A parcel of residential property in respect of which a registered owner:

a) fails to make a property status declaration as required by the bylaw;
b) makes a false property status declaration;
c) fails to provide information or to submit required evidence to the Collector of Taxes in accordance with the bylaw; or
d) provides false information or submits false evidence to the Collector of Taxes,

is deemed to be vacant property and is subject to the vacancy tax.


Vacancy tax is not payable if the property:

a) was unoccupied for more than 180 days during the vacancy reference period:

i. because the registered owner is deceased and neither a grant of probate of the will of the deceased, nor a grant of administration of the estate of the deceased has been provided;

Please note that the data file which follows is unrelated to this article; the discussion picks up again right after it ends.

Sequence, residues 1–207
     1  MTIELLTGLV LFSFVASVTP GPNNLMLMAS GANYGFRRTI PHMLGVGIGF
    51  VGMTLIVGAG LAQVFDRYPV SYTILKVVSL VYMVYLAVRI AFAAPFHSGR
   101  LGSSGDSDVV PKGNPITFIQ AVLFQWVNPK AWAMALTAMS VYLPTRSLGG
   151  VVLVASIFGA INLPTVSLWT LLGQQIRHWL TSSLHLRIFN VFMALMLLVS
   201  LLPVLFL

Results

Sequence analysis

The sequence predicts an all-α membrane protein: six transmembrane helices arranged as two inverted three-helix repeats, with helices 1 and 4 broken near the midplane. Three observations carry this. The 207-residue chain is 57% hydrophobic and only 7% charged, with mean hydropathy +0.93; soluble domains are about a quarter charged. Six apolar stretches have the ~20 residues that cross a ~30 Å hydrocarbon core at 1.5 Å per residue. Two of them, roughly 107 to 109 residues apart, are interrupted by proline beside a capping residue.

ii. because the occupier, tenant or subtenant is undergoing medical or supportive care;
iii. in order to develop the property or safely carry out major renovations; or
iv. because the property is subject to a court order that prohibits its occupancy;

b) was undergoing redevelopment or major renovations:

i. for which permits have been issued by the City, and
ii. which, in the opinion of the City Building Official, are being carried out diligently and without unnecessary delay;

c) was unoccupied for more than 180 days during the vacancy reference period because:

i. the residential property is a strata unit in a strata development;